Friday, March 21, 2008

REVIEW: Tokyo Tower: Mom, Me and Sometimes Dad - Joji Matsuoka (2007)

Reviewed by Chris MaGee
My Mom would always cry when she watched movies, usually hokey, sentimental movies, sometimes even comedies. She would especially cry at movies during Christmas time. When I was little it confused me. As I got older it embarrassed me. Once I was a young man the tears became a bit of an inside joke between Mom and I. I instinctively knew which kind of scenes would set her off; parents imparting wisdom to their children, tearful goodbyes and reunions, idyllic yet transitory moments of happiness, and of course deaths or funerals. “Uh oh, better get the Kleenex,” I’d tease her. She’d laugh, her eyes brimming, “I cry because it’s true,” she’d say.

There are plenty of parent/ child moments, goodbyes and reunions, and ultimately a death and a funeral in Joji Matsuoka’s “Tokyo Tower: Mom, Me and Sometimes Dad”, the winner of the Best Picture award at the 2007 Japanese Academy Awards. Based on the autobiographical novel by Renaissance man Masaya Nakagawa, a.k.a. Lily Franky (he writes, is an illustrator, musician, actor, and media personality, etc.) it’s a record of Franky’s youth and adulthood. Things start out in the present with Masaya (Jô Odagiri) keeping vigil beside his mother, Eiko’s hospital bed. Outside the window Tokyo Tower, Japan’s own Eiffel Tower, glows against the night sky. From this point the story of Masaya’s family and boyhood is told in flashbacks.

Life in Masaya’s paternal grandmother’s house isn’t fun. Masaya’s father (Kaoru Kobayashi), a painter and architect, spends his nights drinking himself senseless, only returning home when it’s time for his wife Eiko to clean up the mess (literally). After one too many of these nights Eiko decides to leave her husband and takes Masaya to her own mother’s home in a rural mining town. From there Masaya’s life runs hot and cold, weekends in Tokyo watching Dad drinking, yelling, commiserating with prostitutes, and drawing, while life in the country with Mom all seems to blur together; she kills herself doing piecework at home and making tentative romantic steps with a new man (yet another cameo appearance by the ubiquitous Sususmu Terajima). The back and forth leaves Masaya split. On the one hand he wants to follow in the free-wheeling footsteps of his father and the other he desires to free his mother from a life of drudgery. It takes several years of studying art and living the bohemian life in Tokyo before Masaya decides on what’s important. After Eiko has a brush with thyroid cancer everything changes and Masaya knuckles down, becoming a successful illustrator/ columnist/ and disk jockey. With a little money in the bank he can finally “free” Eiko and bring her to live with him in Tokyo.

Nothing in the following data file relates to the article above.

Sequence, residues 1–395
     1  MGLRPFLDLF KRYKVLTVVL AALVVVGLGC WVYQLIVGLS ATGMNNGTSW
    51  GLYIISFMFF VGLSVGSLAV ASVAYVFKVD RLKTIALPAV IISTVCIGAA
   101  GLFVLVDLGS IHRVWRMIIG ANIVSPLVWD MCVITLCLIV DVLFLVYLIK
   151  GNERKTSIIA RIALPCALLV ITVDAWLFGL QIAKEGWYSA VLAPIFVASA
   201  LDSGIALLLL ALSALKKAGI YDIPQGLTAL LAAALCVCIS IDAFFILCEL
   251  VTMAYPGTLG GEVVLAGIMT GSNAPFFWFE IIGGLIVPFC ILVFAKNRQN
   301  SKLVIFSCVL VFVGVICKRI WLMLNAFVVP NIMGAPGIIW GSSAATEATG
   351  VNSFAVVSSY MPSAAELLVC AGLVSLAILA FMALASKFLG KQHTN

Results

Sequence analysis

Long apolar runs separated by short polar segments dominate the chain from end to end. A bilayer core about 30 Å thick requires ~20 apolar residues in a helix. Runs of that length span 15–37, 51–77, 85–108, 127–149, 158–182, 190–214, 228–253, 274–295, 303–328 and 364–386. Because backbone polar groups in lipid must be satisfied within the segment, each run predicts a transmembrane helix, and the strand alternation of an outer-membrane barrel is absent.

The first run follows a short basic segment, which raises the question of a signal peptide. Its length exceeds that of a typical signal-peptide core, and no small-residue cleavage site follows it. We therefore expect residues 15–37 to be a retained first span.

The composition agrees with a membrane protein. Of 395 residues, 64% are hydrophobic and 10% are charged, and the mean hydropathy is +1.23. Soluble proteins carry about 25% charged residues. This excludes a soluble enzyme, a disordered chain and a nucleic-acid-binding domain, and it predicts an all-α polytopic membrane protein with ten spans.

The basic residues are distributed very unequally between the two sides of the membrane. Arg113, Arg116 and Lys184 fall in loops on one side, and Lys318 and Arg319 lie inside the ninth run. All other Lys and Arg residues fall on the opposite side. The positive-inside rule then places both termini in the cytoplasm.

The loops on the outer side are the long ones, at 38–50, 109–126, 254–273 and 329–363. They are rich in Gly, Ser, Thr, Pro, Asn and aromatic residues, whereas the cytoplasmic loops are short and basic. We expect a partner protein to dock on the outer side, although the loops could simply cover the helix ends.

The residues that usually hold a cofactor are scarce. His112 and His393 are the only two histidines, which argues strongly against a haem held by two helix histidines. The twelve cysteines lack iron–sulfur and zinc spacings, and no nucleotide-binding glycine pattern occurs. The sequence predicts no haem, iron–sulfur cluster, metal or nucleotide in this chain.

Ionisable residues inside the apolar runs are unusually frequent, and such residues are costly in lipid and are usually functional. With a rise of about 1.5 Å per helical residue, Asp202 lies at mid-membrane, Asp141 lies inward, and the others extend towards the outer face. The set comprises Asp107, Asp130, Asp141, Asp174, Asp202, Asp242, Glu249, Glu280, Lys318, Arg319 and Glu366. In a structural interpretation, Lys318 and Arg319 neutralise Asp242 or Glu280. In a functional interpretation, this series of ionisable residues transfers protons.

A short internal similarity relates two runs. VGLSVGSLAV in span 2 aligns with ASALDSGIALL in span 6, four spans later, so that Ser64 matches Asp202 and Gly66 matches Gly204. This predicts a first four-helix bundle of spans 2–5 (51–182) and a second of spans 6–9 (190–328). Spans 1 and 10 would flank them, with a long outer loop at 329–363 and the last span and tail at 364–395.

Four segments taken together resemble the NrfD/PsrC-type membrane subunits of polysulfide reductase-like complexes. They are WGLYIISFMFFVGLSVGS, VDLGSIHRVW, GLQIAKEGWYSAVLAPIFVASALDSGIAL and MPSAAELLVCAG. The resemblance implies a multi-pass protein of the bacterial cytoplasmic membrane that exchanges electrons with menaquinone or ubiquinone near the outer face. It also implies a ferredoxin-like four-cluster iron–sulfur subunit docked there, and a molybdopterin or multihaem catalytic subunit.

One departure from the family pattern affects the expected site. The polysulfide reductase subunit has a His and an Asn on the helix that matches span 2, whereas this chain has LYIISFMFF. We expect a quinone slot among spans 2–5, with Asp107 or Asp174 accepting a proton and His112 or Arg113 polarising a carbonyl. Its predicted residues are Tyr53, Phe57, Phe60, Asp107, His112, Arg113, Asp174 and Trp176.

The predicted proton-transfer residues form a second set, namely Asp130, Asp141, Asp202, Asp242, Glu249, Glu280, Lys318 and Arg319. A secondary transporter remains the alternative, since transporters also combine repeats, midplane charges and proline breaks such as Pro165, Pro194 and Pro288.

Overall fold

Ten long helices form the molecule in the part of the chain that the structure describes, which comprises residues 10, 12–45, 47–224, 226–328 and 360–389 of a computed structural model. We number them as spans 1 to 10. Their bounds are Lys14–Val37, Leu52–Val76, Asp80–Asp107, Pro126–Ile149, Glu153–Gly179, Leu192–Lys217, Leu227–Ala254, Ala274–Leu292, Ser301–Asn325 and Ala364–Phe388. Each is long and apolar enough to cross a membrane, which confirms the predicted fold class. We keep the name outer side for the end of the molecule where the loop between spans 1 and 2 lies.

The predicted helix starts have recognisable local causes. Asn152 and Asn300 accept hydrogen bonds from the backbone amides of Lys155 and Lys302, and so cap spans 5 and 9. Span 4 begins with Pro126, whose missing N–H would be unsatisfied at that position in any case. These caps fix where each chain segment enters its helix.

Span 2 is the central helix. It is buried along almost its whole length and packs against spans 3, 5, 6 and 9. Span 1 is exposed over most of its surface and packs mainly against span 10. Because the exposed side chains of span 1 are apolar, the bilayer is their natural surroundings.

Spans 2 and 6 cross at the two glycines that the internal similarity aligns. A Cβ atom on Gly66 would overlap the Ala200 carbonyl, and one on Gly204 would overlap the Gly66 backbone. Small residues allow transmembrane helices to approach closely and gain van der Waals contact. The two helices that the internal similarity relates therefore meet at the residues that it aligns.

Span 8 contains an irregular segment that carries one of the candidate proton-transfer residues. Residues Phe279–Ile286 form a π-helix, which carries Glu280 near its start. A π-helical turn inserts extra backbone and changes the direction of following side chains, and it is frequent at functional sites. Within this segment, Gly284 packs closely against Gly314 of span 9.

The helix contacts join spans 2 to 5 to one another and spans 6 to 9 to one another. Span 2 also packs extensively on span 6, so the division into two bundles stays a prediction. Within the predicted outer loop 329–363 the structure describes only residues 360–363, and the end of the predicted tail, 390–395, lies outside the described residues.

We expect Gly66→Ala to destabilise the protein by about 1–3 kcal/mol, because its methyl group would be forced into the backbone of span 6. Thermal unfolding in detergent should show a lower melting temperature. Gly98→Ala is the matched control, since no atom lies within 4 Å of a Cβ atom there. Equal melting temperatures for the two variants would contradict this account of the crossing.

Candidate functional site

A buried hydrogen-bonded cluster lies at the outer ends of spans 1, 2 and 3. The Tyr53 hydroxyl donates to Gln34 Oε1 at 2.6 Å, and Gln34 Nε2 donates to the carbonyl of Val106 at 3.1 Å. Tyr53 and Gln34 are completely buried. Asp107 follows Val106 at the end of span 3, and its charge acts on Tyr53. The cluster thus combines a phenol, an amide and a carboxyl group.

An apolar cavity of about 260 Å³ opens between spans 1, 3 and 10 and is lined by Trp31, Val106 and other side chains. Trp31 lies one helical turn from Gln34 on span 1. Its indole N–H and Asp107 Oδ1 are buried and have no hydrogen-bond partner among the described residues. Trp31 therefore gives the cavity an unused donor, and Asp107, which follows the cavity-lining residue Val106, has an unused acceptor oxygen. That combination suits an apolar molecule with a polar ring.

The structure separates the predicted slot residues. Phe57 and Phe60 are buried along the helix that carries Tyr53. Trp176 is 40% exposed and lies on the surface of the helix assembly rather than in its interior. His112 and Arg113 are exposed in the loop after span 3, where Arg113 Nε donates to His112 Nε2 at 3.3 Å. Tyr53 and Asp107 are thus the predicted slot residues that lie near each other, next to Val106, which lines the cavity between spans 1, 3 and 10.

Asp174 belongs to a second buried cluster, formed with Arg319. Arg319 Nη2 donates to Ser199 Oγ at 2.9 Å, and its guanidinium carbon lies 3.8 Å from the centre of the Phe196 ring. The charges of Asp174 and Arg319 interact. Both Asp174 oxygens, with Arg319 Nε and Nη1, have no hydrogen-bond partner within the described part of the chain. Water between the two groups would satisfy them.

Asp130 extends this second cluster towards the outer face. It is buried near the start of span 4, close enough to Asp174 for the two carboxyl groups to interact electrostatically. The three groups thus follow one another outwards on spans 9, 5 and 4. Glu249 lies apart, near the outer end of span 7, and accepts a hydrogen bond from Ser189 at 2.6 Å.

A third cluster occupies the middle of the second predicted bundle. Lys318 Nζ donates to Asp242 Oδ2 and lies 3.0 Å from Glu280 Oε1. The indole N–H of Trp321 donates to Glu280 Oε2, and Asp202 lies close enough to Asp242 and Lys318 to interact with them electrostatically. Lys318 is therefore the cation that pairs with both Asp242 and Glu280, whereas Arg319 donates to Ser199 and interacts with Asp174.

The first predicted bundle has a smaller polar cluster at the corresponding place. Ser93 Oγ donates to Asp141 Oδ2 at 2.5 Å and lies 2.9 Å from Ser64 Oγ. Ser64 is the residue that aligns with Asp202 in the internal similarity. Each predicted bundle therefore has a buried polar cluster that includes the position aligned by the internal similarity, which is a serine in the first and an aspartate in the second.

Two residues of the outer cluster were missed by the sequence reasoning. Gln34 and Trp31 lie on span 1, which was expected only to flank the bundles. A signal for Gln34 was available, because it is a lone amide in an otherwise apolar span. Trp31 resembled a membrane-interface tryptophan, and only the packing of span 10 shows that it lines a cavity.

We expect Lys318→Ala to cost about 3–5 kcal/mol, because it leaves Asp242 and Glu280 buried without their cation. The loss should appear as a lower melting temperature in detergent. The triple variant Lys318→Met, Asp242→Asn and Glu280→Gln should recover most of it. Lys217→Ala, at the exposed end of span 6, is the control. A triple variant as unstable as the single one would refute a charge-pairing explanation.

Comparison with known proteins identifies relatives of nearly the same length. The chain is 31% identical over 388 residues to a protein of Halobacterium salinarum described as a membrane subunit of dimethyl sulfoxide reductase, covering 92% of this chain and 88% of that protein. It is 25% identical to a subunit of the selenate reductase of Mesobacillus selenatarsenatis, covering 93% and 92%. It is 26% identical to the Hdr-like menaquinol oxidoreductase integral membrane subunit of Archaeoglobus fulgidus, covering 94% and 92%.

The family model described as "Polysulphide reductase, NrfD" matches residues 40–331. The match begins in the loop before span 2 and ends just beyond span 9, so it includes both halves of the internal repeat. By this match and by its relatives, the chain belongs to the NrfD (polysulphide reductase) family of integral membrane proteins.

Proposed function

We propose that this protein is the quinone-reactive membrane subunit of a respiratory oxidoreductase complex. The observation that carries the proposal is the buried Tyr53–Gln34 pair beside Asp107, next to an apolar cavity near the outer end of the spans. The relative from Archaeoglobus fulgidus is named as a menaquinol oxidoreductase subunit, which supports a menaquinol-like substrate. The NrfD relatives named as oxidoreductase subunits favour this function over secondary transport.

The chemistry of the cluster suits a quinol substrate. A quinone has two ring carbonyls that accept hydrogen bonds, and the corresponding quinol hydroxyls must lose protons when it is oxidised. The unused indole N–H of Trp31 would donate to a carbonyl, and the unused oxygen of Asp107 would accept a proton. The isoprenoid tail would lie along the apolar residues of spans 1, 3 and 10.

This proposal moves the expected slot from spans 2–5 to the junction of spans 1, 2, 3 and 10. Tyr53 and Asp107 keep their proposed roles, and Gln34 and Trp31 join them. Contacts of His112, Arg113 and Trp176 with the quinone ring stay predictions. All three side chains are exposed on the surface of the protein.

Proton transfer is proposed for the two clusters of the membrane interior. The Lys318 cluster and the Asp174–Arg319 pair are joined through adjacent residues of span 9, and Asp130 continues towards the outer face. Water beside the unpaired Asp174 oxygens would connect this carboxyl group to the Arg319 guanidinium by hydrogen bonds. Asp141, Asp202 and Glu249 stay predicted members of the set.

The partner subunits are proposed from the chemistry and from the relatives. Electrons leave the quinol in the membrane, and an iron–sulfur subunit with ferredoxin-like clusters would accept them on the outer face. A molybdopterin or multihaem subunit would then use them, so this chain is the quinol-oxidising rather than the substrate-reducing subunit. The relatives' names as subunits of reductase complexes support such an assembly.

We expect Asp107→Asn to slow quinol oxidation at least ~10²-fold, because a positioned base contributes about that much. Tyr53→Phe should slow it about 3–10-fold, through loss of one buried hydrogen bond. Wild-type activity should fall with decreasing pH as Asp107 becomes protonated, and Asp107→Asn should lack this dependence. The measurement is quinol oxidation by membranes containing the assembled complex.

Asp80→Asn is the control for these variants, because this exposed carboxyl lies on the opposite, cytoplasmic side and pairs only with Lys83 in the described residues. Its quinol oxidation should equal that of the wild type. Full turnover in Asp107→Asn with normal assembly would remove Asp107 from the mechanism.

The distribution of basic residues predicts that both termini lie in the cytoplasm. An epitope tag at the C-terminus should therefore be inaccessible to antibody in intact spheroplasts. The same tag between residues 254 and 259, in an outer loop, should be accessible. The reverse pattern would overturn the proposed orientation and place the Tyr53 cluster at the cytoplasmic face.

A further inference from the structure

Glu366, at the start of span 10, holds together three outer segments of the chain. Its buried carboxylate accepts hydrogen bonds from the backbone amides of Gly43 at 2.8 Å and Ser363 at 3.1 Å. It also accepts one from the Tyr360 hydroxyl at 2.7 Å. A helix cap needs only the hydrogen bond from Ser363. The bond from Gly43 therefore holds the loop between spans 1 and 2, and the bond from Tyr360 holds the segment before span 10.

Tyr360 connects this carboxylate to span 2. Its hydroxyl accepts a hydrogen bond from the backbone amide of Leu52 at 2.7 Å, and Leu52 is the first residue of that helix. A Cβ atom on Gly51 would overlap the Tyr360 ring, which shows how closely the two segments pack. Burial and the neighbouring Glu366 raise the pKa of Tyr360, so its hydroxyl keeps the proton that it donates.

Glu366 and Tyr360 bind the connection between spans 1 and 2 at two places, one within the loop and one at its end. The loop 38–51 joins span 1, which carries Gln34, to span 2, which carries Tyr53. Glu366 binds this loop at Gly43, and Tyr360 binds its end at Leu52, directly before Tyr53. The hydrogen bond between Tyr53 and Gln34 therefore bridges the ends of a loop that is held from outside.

For a little while the dream is achieved and Eiko becomes the “Okasan” to Masaya’s girlfriend and friends, but after some problems swallowing and stomach upsets it’s discovered that Eiko’s cancer has returned and it’s terminal. Now it’s Masaya’s turn to return the favour of all the the years that Eiko emotionally and financially supported her son, and that brings us back to Masaya sitting beside her hospital bed with Tokyo Tower outside the window.

Throughout “Tokyo Tower” I could feel Matsuoka tugging my emotions this way and that. Each scene between Masaya and Eiko is designed to build you up for the inevitable sad ending that we’ve known is coming since the first five minutes of the film. Those parent/ child moments, goodbyes and reunions, Eiko’s death and funeral are tweaked to make them that much more joyous, or heartbreaking by being accompanied by a treakly orchestral score and slow motion photography. I don’t usally respond to these kind of hokey and manipulative tactics, but the honest and insightful performances of the real life mother/ daughter acting team of Kirin Kiki and Yayako Uchida as the elder and younger incarnation’s of Eiko won me over, especially those Kiki shares with Jô Odagiri, when mother and son finally realize that they’ll soon have to say goodbye for good. Through these scenes I relived the last few weeks of my own mother’s life, and in spite of myself I cried, because like Mom used to say these moments were true, and it’s because of this that I would highly recommend “Tokyo Tower” and it’s because of this I dedicate this review to my mother, may she rest in peace.

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